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dc.contributor.authorMooney-Somers, Julie
dc.contributor.authorMicallef, J
dc.contributor.authorBateson, D
dc.contributor.authorHarvey, C
dc.contributor.authorVan Gemert, C
dc.contributor.authorLewis, L
dc.contributor.authorKaldor, J
dc.contributor.authorGuy, R
dc.date.accessioned2014-09-23
dc.date.available2014-09-23
dc.date.issued2013-01-01
dc.identifier.citationMooney-Somers J, Micallef J, Bateson D, Harvey C, Van Gemert C, Lewis L, Kaldor J, Guy R (2013) Patient delivered partner therapy for chlamydia: Support and concern among doctors and nurses working in Australian Family Planning clinics. Sexual Health, Darwin. Posteren_AU
dc.identifier.urihttp://hdl.handle.net/2123/11976
dc.descriptionconference posteren_AU
dc.description.abstractPatient delivered partner therapy (PDPT) is the practice of providing a prescription or medication to a patient diagnosed with an STI to give to their partner without that partner being assessed by a clinician. International studies have shown PDPT increases partner treatment and reduces reinfection rates (Trelle, 2007). The Northern Territory remains the only Australian jurisdiction to have enacted legislation to support PDPT; in other jurisdictions it is illegal or its status is unclear. However, advocacy for PDPT is increasing in Australia. The Royal Australasian College of Physicians Australasian Chapter of Sexual Health Medicine called for PDPT for chlamydia in 2011. More recently, Huffman, et al. (2003) made a case for legislative support. They argued its legal status was the only barrier to implementation. AIM: To understand Australian Family Planning clinicians’ practices and perceptions of patient delivered partner therapy CONCLUSION: Family Planning clinicians saw PDPT as a viable and useful clinical option for delivering the best care for their patients and effective chlamydia management for the community. While some concerns remain we did not find the general negative attitude previously reported (eg Pavlin, et al., 2010). This suggests acceptability may have increased. Remaining concerns may be addressed through careful work to articulate clear clinical guidelines and a legislative framework.en_AU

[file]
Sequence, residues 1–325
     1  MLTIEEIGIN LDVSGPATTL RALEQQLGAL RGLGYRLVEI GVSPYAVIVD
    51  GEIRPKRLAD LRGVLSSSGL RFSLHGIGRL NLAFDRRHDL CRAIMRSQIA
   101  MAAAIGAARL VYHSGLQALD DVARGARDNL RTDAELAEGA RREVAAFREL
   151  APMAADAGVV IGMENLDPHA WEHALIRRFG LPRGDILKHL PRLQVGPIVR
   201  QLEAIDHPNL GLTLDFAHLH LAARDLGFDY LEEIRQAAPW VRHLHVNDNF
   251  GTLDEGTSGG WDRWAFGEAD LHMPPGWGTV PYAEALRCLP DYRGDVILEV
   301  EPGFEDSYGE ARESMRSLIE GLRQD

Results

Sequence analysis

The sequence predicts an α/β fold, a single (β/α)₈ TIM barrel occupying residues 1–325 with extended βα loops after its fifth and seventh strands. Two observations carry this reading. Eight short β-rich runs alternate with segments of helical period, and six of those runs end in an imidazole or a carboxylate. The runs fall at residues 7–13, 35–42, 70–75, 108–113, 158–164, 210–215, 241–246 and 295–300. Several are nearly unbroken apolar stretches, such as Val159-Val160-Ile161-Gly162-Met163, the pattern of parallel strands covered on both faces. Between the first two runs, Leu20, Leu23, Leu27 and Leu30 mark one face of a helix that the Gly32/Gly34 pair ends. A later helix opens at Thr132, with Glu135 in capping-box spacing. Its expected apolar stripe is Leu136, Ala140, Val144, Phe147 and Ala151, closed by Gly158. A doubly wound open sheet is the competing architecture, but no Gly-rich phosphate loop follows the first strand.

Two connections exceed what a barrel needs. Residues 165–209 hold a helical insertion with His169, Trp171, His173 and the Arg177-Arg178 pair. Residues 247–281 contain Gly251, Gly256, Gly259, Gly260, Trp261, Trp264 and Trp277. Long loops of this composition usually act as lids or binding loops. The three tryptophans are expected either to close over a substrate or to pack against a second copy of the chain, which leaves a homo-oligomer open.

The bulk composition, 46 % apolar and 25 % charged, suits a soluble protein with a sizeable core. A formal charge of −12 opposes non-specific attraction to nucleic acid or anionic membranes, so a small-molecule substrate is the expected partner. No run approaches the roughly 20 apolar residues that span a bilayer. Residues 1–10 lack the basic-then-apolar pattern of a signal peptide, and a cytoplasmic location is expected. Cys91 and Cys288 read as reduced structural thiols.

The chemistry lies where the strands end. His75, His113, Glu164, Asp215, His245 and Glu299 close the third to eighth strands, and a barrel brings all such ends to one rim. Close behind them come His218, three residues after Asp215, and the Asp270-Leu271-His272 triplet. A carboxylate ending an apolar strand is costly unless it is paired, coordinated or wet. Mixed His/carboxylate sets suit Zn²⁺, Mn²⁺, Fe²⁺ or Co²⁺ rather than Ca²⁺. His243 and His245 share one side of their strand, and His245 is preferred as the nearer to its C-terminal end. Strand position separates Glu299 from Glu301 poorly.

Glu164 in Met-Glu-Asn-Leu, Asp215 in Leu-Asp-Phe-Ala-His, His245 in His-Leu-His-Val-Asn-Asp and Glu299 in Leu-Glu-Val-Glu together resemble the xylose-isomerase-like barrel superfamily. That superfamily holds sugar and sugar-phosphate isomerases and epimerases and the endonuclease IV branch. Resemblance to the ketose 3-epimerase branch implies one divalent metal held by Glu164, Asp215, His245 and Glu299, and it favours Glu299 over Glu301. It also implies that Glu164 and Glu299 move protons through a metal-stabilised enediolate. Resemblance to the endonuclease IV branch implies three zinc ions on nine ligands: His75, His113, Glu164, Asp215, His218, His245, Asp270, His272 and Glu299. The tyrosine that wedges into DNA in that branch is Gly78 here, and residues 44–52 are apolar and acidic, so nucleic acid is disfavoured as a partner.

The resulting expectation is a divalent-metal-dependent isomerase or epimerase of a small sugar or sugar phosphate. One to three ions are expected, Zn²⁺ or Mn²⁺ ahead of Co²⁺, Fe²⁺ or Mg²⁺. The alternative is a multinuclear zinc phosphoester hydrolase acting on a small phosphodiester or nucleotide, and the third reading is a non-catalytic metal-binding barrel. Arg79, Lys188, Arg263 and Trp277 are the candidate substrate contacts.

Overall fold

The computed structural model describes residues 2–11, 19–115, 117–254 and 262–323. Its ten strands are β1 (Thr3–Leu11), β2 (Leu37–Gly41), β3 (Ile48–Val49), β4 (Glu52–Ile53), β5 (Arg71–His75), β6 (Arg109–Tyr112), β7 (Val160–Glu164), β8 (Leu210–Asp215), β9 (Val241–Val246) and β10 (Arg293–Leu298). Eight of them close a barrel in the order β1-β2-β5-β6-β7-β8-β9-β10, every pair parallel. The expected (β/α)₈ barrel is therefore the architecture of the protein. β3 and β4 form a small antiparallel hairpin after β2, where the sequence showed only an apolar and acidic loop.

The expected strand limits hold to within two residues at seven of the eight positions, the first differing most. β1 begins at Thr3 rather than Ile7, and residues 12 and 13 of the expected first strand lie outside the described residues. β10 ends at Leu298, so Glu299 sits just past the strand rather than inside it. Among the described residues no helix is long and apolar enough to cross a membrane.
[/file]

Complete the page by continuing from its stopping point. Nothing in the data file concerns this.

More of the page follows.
dc.language.isoen_AUen_AU
dc.titlePatient delivered partner therapy for chlamydia: Support and concern among doctors and nurses working in Australian Family Planning clinicsen_AU
dc.typeConference posteren_AU
dc.type.pubtypePublisher versionen_AU


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